• If you are skeptical about costs, flat out ask the celebrity what he/she will do if your ROI is not met at the end of the term? In most cases, it’ll be nothing and you should be prepared for that. But in the rare and glorious case that the celebrity desires to “do the right thing,” that’s one to keep. Especially in today’s economy, those who want to maintain a relationship with a potentially growing partner is one that is worth the extra effort to keep.
    • Make sure that your agreement has a “character clause” as it truly protects both parties but usually the sponsor. One of the quotes I’ve written and hold close to my heart is “Never assume that a person with a great reputation also has great character.” In this day and age of immediate media attention, one tiny slip from your endorser could really hurt your brand’s reputation. We’ve seen it with scandals involving everything from DUI’s and drugs to sex scandals. Having this clause allows for you to exit and potentially recoup some of that investment should it come to fruition. While you hope it never happens, such a clause is pretty standard and a valid requirement.

SlawsaI have been fortunate to have my brand, Slawsa, represented by NASCAR’s Kenny Wallace. His energy is infectious, he is likable amongst all fans, he is authentic on social media, and most importantly, he and his family love our product…so it appears so far to be a win-win. Additionally, my condiment is great for grilling/tailgating with most of our current distribution in the southeast and midwest, so its a wise sport to venture. As a veteran, Wallace understands the value of growing a small business for a potential long term partnership, which is why he’s given me his cell and personal email if I need to reach out. His character has proven to me he is one of the rare celebrities who is “willing to do the right thing” so that we see value equal to our spend. Again, he is a rarity.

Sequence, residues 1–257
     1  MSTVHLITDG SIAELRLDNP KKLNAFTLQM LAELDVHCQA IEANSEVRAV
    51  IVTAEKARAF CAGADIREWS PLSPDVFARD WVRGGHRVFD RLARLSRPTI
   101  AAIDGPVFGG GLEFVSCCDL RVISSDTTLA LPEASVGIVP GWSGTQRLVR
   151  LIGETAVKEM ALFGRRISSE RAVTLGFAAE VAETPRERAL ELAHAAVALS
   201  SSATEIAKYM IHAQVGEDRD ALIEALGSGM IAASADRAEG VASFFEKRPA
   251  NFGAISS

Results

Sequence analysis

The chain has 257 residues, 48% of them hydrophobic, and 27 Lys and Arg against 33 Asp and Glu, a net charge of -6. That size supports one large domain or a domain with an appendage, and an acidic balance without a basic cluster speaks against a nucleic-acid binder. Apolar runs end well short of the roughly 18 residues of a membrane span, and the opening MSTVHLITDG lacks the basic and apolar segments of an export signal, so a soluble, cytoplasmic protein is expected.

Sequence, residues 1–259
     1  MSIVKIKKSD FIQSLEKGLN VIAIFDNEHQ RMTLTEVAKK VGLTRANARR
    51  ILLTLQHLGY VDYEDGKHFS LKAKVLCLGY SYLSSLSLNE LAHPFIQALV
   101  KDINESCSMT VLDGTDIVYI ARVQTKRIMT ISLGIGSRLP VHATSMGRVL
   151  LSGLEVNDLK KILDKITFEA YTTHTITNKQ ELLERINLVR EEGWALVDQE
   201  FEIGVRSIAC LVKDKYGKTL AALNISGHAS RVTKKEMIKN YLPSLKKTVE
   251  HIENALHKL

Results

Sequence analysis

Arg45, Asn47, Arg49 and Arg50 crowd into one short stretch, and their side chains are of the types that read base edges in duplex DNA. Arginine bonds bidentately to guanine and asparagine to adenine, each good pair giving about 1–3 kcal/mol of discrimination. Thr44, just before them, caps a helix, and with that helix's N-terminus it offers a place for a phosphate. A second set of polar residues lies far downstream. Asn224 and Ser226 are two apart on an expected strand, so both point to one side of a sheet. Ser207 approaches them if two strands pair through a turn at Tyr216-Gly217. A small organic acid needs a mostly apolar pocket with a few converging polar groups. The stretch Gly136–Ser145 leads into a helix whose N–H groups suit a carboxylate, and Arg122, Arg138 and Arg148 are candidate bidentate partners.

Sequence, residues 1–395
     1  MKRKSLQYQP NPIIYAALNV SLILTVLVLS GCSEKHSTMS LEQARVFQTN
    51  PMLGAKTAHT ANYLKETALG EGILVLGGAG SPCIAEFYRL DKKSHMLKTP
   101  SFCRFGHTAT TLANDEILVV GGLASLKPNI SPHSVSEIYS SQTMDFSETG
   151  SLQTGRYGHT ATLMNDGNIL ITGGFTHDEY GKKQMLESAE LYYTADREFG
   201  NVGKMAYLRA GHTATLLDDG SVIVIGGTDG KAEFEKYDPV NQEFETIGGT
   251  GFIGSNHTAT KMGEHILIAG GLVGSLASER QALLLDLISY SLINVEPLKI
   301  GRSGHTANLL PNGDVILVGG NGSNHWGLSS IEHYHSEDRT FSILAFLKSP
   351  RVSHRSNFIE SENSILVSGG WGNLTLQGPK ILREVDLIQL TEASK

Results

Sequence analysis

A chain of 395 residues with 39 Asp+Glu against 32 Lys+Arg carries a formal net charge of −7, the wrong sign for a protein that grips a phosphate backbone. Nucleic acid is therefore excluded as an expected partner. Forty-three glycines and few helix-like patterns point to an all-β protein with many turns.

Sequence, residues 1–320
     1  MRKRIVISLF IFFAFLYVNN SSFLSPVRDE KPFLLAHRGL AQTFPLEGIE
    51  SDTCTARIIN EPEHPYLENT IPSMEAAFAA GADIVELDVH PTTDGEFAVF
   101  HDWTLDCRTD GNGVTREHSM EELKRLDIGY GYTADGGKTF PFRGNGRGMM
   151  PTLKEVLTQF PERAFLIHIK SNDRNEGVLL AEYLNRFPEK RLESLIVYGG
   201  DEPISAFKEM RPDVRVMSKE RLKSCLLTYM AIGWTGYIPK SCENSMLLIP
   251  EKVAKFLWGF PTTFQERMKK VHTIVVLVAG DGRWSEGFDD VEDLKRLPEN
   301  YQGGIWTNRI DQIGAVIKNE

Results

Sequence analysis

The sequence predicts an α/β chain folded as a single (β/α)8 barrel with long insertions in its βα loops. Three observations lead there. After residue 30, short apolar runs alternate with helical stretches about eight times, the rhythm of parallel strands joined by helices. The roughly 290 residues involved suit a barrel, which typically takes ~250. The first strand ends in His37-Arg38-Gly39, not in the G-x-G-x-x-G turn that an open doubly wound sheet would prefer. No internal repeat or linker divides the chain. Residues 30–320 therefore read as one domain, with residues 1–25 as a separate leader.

While most celebrities and athletes are going to be out of reach for small business, if you do your homework, you too might be able to capitalize on some nontraditional marketing campaigns with use of a great spokesperson. And I’m just putting this out there: IF Ellen or LeBron want to tweet good things about @Slawsa, you have my permission!

SlawsaGuest post contributed by Julie Busha (@julesbusha), the owner of The Busha Group and the Slawsa brand from Cramerton, NC.  With a deep history of marketing within the sport of NASCAR, Julie used her branding, marketing and sales experience to launch Slawsa, a unique slaw-salsa hybrid condiment, in late 2011.  Within a mere year and a half after launch, Slawsa gained placement in the relish aisle in over 4,200 stores in the US and Canada with rave reviews from critics and consumers alike.  More information for Slawsa can be found at Watch the interview with Julie on the Small Businesses Do It Better Show.